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Revenge of the bitcoin maniacs

Resentment about economic deprivation outweighs political allegiances sometimes.
Jan 18,2018
On Jan. 4, President Moon Jae-in was accompanied by Financial Services Commission (FSC) chief Choi Jong-ku on a visit to the main dockyard on Geoje Island of Daewoo Shipbuilding and Marine Engineering. “Nothing can be done without the finances,” Moon said. Choi’s face immediately reddened while others laughed at the president’s joking comment. The message was pretty obvious. The liberal president did not want to see anything go wrong with the shipyard, which had been bailed out many times. With that vote of confidence from the president, shares of the once-mighty shipbuilder went up 12.5 percent that day.

Most of Moon’s liberal aides in the Blue House do not trust the market and free competition. They have more confidence in the president’s power than the market’s invisible hand. The president’s approval rating, hovering over 70 percent, has not come down a bit in his first eight months. He has worshippers who come to his defense on the internet. They believe good politicking can cover the flips and flops of the administration’s economic policies.

But their confidence has been shaken by the bitcoin debacle. Moon skipped comments before a secretariat meeting discussing the cryptocurrency situation. The presidential spokesman did not brief the press about what was discussed at the meeting. The presidential office was that sensitive to the cryptocurrency issue.

Moon’s aides admit that they took Korea’s cryptocurrency mania too lightly. They regret that they responded prematurely and without much thought. The Park Geun-hye administration launched a task force on cryptocurrencies in 2016. But it got nothing done. The phenomenon came into the international spotlight after prices skyrocketed here after a ban on cryptocurrency trade in China last September.

The Blue House took action after hearing that college and even middle school students were going bananas for bitcoin. Justice Minister Park Sang-ki was put in charge of a second task force on Dec. 4. The government saw the virtual currencies as gambling chips. To them, speculation for the sake of profit was a crime. The Blue House thought the Justice Ministry should be in charge of a campaign against any such speculation. Prosecutors raided the biggest exchanges and dug into hacking and other suspicious practices. The National Tax Service embarked on its own tax probe.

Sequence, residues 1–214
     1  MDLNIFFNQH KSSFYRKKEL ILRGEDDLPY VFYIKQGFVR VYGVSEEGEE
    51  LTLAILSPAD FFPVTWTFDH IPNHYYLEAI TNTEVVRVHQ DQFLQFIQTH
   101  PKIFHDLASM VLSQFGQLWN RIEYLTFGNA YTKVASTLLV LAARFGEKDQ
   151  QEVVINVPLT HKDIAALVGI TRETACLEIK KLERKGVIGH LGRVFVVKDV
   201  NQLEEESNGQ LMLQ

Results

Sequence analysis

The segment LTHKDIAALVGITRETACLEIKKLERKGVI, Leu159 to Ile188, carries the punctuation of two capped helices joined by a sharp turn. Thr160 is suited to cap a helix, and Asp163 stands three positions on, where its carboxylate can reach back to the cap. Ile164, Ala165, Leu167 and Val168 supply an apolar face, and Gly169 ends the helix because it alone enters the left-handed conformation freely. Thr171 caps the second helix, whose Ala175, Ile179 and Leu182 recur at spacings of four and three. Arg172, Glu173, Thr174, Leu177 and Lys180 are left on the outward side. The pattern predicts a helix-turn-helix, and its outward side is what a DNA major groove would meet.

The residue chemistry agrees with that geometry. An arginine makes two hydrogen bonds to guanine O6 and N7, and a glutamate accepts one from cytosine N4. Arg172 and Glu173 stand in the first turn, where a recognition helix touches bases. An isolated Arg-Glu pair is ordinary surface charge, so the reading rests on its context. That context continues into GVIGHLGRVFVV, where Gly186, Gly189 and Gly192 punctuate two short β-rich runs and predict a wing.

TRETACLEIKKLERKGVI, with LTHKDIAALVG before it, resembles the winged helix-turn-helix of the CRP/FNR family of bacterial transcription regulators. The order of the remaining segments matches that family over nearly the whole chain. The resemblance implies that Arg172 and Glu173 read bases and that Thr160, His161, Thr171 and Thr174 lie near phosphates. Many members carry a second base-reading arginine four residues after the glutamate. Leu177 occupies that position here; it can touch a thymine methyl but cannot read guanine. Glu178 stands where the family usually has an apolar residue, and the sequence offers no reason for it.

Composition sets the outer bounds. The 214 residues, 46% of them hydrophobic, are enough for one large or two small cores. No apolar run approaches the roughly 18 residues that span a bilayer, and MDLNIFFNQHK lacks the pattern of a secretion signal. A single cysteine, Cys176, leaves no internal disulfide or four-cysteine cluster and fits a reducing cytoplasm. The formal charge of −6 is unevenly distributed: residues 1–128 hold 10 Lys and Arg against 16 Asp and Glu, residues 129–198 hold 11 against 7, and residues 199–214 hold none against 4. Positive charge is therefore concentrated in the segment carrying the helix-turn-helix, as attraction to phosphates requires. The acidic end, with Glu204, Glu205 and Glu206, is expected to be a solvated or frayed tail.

Last week, the justice minister said the government would shut down cryptocurrency exchanges. Choi of the FSC joined the chorus, saying the ban was discussed among government offices. The market was severely rattled. The bitcoin value tumbled 25 percent. Enraged people in their 20s and 30s bombarded the Blue House website accusing the government of stripping them of their last-remaining hopes and dreams in this country.

They took their vitriol to cyberspace and called for Moon’s impeachment. They told other cryptocurrency fans to take vengeance against the president and his party in June local elections. Soon their comments had over 20,000 “likes.”

Seven hours after Justice Minister Park’s comment, a stunned Blue House denied that the ban was final. The mood dramatically reversed in the administration as well. The Financial Supervisory Service, which threatened banks not to open new accounts or accept anonymous traders’ money, retreated with its tail between its legs. Instead of slamming cryptocurrency trade as gambling, authorities are making sure bank accounts are opened under people’s actual names. They are legitimizing the trade.

The fiasco is expected to have a lasting cost. Virtual money investors complain that Moon wiped out 100 trillion won ($93.5 billion) in value in seven hours. Some even rant that impeached President Park Geun-hye might have stolen money from Samsung Group, but Moon has stolen their money. Anger is spilling over to other policies of Moon such as the minimum wage hike and inviting North Koreans to the PyeongChang Winter Olympics.

The Blue House was panicked by the anger of its young voter base. Resentment about economic deprivation outweighs political allegiances sometimes. The most frequent visitors to the Blue House these days are tax and budget directors from the Ministry of Strategy and Finance. The Blue House tends to make amends with tax breaks as it has done with the minimum wage hike and nuclear reactor-phase out policies. But the presidential office has no grounds to compensate cryptocurrency traders for their losses. Inviting hundreds to the Blue House for beer is out of the question. It may have to pay the price for running an economy poorly.

JoongAng Ilbo, Jan. 17, Page 31

*The author is a senior editorial writer of the JoongAng Ilbo.

Lee Chul-ho